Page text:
Feb 28, 2018
One of the more unusual elements of the Megillah is found within the names by which the hero and the heroine are known - Mordechai and Esther - which are actually names of Babylonian / Persian deities: Marduk and Astarte! This is particularly peculiar, because in neither case was it their real name anyway. Esther was actually Hadassah, as we are informed in the Megillah (2:7), and Mordechai’s name was Petachyah as the Talmud tells us. So what’s the deal? And why would we name our children Esther and Mordechai through the ages? Trés bizarre!
Another oddity arises from one of the four verses that the entire community says aloud as they are listening to the Megillah being read (Esther 2:5). it is the first of these four verses and it starts with the words: “Ish yehudi haya b’Shushan Habira, U’Shemo Mordechai...”. There was an Ish Yehudi living in Shushan and his name was Mordechai. What does Ish Yehudi mean? It can’t refer to the fact that he was a descendant of the tribe of Judah because the verse concludes by telling us that he was from the tribe of Benjamin. And if it is simply informing us that he was a Jew, well… to put it mildly, given the context of the Purim story, that would be a little redundant.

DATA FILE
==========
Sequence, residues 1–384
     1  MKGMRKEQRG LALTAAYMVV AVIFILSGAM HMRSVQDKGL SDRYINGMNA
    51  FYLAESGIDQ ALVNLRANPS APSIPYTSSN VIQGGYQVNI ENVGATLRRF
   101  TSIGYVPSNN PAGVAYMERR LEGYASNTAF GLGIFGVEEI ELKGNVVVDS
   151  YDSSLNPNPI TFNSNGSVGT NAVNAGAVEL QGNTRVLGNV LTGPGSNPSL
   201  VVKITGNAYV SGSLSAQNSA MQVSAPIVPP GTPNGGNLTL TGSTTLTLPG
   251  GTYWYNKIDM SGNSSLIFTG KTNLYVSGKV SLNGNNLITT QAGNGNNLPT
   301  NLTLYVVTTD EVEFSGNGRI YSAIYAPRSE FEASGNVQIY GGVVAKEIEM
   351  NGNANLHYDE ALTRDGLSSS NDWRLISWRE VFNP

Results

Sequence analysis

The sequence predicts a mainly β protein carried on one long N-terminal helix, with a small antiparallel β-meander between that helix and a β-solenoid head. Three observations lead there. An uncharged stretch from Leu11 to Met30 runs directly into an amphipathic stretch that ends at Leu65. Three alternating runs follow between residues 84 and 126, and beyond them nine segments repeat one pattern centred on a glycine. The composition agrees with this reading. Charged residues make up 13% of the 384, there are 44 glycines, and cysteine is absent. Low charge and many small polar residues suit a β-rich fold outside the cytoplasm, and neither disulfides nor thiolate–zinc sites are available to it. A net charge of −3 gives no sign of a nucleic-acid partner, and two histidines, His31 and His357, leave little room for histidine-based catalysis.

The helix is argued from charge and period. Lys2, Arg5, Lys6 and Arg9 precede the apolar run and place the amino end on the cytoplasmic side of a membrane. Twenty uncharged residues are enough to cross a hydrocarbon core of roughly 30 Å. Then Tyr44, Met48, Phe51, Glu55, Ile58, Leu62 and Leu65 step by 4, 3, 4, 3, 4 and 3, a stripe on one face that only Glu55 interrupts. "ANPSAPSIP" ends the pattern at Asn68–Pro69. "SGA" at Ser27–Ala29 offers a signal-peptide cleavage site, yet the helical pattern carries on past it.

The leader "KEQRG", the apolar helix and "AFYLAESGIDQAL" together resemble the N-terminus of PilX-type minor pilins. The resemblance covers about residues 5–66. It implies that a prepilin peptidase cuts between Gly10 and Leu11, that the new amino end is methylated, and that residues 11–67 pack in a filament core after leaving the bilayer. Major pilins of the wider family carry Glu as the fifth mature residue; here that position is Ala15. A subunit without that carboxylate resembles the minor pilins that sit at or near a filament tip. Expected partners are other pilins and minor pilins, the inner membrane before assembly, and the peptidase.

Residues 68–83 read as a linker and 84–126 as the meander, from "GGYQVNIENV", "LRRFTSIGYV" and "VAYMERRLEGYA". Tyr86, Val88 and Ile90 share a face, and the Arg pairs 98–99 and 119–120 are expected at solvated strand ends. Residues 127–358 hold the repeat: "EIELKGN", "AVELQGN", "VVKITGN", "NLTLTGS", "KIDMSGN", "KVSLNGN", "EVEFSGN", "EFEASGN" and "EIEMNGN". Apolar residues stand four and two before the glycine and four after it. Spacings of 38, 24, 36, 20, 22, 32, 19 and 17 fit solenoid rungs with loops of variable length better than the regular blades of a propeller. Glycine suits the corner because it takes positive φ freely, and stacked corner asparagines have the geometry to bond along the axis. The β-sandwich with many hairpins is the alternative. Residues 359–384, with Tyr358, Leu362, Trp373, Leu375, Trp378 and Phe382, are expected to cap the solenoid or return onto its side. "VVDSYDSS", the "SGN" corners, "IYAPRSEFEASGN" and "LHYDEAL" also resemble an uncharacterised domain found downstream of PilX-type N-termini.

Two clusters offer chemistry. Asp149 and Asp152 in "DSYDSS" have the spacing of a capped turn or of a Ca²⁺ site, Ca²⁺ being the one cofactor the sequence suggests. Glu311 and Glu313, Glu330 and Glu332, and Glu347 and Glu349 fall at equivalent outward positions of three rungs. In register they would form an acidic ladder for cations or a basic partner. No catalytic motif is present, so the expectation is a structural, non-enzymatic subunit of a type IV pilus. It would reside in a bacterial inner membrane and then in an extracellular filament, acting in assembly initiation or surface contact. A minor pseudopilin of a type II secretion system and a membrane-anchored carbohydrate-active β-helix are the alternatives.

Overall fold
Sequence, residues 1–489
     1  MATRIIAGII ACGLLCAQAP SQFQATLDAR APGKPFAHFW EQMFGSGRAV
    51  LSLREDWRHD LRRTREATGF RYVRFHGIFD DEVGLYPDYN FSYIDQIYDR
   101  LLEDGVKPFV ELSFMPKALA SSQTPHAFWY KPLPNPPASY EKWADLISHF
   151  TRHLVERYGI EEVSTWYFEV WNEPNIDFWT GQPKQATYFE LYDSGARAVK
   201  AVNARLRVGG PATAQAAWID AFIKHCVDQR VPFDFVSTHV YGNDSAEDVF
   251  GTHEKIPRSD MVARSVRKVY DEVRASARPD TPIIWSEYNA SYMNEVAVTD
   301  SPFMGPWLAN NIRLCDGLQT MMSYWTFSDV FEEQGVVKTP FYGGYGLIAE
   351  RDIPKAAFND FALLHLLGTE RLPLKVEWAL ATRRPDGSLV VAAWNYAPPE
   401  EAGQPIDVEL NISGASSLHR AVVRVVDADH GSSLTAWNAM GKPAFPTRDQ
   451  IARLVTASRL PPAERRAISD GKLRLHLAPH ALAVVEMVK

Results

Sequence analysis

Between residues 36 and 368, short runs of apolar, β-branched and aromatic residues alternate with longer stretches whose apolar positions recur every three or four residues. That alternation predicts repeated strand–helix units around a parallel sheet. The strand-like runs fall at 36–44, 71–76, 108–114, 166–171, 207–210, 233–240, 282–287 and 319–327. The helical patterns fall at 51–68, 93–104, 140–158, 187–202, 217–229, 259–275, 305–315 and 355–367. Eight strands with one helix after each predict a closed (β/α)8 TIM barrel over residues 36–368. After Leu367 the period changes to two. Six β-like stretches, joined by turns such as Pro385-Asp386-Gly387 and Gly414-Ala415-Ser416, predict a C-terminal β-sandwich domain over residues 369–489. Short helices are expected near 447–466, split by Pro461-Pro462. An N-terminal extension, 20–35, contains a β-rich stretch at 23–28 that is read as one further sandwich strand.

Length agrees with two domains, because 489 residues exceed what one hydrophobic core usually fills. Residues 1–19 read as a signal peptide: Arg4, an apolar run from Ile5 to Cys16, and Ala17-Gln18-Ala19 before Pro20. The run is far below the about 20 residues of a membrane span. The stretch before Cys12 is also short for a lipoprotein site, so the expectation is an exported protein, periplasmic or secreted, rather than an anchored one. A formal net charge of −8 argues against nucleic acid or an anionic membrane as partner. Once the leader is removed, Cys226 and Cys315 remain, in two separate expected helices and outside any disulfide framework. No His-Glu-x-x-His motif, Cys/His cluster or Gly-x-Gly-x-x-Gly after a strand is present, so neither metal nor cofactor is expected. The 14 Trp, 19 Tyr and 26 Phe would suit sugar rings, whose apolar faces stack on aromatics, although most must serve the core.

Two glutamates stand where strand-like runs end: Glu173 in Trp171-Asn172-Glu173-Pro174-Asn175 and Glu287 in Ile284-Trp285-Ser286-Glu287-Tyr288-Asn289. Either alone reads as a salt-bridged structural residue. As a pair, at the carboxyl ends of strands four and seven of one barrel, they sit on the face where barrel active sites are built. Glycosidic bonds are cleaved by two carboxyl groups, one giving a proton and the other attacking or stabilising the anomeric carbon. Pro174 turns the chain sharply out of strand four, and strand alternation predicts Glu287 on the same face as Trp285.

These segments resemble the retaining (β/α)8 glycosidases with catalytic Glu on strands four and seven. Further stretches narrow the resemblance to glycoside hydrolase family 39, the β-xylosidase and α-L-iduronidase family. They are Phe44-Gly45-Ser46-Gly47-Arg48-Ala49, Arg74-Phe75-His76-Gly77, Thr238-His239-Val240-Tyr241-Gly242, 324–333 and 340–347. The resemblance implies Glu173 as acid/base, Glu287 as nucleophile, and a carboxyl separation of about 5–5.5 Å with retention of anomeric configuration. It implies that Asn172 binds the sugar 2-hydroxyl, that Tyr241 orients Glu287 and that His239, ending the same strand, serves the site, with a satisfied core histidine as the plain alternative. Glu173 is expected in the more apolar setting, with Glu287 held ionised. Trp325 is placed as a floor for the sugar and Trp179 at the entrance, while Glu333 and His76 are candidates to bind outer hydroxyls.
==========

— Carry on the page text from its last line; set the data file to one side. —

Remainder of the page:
The answer to both questions is actually one and the same. The Persian exile was one in which the Jews (who were a minority) were surrounded by a foreign culture which was leading them astray. Ish Yehudi is therefore a reference to the individuals who never lost sight of their origins, heritage or goals, irrespective of society or politics. It is a title given to those who on the one hand were fully involved in government affairs (Mordechai was a senior cabinet member), and were even known by their Persian patronyms, yet never put their Judaism second. As such Petachyah and Hadassah made the names Mordechai and Esther Jewish, and they became one’s which we can proudly pass on to our children. They are names which are Jewish to the core. The message of the Megillah is one that teaches us about identity, especially whilst in exile.
As an aside, if you are still looking for Purim gifts, you may want to consider the following:
  • A solar powered torch
  • Water-proof tea bags
  • An index for a dictionary

Have a Wonderful Purim 

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